Sunday, July 9, 2017

Olympia’s Star of David Returns Home

Above: A newly restored Star of David is unveiled at a ceremony at Temple Beth Hatfiloh on Sunday afternoon. The 80 year old Star of David was removed several months ago from the Temple’s original building on Jefferson Street and returned home to the Temple at 201 Eighth Avenue in downtown Olympia.

By Janine Gates
Little Hollywood

An intimate, emotional dedication ceremony for a recently restored Star of David was held Sunday afternoon at the Temple Beth Hatfiloh in Olympia.

“Mah tovu,” began Rabbi Seth Goldstein of Temple Beth Hatfiloh.

Tovu, meaning fine, fair, or beauty in Hebrew, fit the restored Star of David, which Goldstein described as a simple yet striking piece of art that defines the Jewish community in Olympia and serves as a link between the past, present and future.

The Star's restoration was dedicated to Ben Bean, the son of one of Temple Beth Hatfiloh’s founders, Earl, who was instrumental in the 1938 construction of the original Temple on the corner of Jefferson Street and Eighth Avenue.

At the time of his death one year ago, Ben was one of the only original members of the congregation to have been present at the original building dedication, said Goldstein.

Saturday would have been Ben Bean’s 94th birthday, and Rabbi Goldstein and the Bean family dedicated Bean’s headstone early Sunday morning.

“Ben was our star, a beacon of light, and warmth, and joy,” said Goldstein. “Now, we dedicate the Star, for our entire community.”

About 35 Temple and community members were present, including the Bean and Goldberg families.

Dan Bean, son of Ben Bean, spoke with emotion to those gathered.

Knowing that this Star is back home...and that members of the Bean and Goldberg families are a testament to what this community means to all of us. Although Ben wasn't a particularly religious man, he was a fierce member of this Temple. He's looking down on us and he's really proud of what this community and this Temple has become, he said.

The restoration work was done by two local businesses, Eco Woodworks and Mansion Glass, who worked in tandem on the woodwork frame and glass pieces, said Goldstein. The funds for the restoration were raised through a brief GoFundMe effort.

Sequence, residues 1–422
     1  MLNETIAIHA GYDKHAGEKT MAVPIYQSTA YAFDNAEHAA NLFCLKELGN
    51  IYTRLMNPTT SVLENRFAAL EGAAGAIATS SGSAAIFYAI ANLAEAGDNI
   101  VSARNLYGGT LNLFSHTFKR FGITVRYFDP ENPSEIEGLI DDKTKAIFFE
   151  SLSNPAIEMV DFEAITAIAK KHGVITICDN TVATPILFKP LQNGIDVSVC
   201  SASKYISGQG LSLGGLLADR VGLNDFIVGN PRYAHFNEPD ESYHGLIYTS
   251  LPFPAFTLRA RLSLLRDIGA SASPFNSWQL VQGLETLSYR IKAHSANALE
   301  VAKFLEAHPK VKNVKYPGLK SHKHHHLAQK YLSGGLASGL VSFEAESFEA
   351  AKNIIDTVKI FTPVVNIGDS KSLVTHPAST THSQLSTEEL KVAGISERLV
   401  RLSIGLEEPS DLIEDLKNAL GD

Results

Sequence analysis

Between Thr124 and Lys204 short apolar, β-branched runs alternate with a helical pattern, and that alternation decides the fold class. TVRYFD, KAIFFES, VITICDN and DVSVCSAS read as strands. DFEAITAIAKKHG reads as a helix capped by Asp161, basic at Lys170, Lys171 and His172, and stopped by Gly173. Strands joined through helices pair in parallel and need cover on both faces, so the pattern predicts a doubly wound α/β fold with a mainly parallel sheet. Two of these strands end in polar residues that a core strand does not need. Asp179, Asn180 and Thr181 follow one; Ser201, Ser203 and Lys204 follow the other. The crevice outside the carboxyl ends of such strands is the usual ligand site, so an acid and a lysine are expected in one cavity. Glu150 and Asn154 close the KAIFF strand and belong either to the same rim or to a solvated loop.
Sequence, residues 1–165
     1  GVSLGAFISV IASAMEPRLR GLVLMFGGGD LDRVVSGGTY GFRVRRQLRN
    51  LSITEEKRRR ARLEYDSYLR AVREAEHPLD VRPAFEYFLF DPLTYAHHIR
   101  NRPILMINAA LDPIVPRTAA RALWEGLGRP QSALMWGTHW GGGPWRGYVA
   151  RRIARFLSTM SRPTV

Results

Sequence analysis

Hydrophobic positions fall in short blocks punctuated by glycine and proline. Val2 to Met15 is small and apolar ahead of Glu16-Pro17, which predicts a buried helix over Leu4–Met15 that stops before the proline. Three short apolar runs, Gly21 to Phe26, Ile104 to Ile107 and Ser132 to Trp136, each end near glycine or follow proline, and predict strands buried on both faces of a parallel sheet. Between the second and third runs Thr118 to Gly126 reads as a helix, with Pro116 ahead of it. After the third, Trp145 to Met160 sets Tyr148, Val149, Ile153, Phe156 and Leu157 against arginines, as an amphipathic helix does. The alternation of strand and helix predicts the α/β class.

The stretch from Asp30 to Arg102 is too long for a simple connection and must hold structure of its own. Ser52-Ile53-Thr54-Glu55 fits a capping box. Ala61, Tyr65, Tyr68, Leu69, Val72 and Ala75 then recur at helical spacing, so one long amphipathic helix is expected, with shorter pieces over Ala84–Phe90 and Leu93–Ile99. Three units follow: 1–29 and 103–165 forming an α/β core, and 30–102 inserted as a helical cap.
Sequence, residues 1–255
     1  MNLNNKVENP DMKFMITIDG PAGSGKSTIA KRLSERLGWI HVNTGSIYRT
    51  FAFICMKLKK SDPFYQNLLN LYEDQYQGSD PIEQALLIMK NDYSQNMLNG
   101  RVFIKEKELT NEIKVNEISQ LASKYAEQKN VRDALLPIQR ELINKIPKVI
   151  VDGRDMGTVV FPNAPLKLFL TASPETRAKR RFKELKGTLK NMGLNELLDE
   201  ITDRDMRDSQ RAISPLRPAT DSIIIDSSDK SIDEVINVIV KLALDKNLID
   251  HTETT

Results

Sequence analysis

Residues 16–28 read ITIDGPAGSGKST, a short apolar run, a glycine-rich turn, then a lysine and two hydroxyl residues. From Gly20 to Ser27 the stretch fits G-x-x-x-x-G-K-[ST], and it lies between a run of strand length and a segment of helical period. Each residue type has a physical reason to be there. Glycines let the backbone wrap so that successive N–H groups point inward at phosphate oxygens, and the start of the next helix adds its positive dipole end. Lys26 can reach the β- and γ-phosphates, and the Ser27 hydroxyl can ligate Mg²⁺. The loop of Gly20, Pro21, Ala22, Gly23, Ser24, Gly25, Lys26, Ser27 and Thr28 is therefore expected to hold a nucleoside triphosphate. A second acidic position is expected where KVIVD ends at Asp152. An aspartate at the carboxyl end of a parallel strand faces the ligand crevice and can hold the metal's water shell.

The Star of David will stay in the Temple's interior alcove that also serves as a nook for the Temple’s historical items of significance, such as the Ner Tamid, the Eternal Light, which was saved from the original Temple.

In closing, Rabbi Goldstein offered a prayer of dedication, in part, saying:

“…May this Star continue to be our link to the past while serving as a guide to our future. May the spirit of those who created it inspire our lives. May their hopes and dreams of a vibrant Jewish home become our hopes and dreams. May their dedication to community and tradition become our dedication, and may their prayers for continuity and commitment become our prayers.

“May this beautiful Star inspire us to live into our lives to work for justice, to explore our heritage, to build community, to laugh and cry, to eat and drink, to sing and pray, to learn and teach, together, L’dor va dor, from generation to generation. Amen.”

Above: Three generations of the Bean Family in front of the restored Star of David at Temple Beth Hatfiloh on Sunday. Left to right: Steve Bean, Dan Bean, Alec Bean, Linda (Bean) Georges, Edie Bean, Tom Bean, and Susan (Bean) Poplack.

For more information about the history of Temple Beth Hatfiloh and the Star of David restoration effort, go to Little Hollywood’s March story, “Olympia Temple Saves Star of David,” at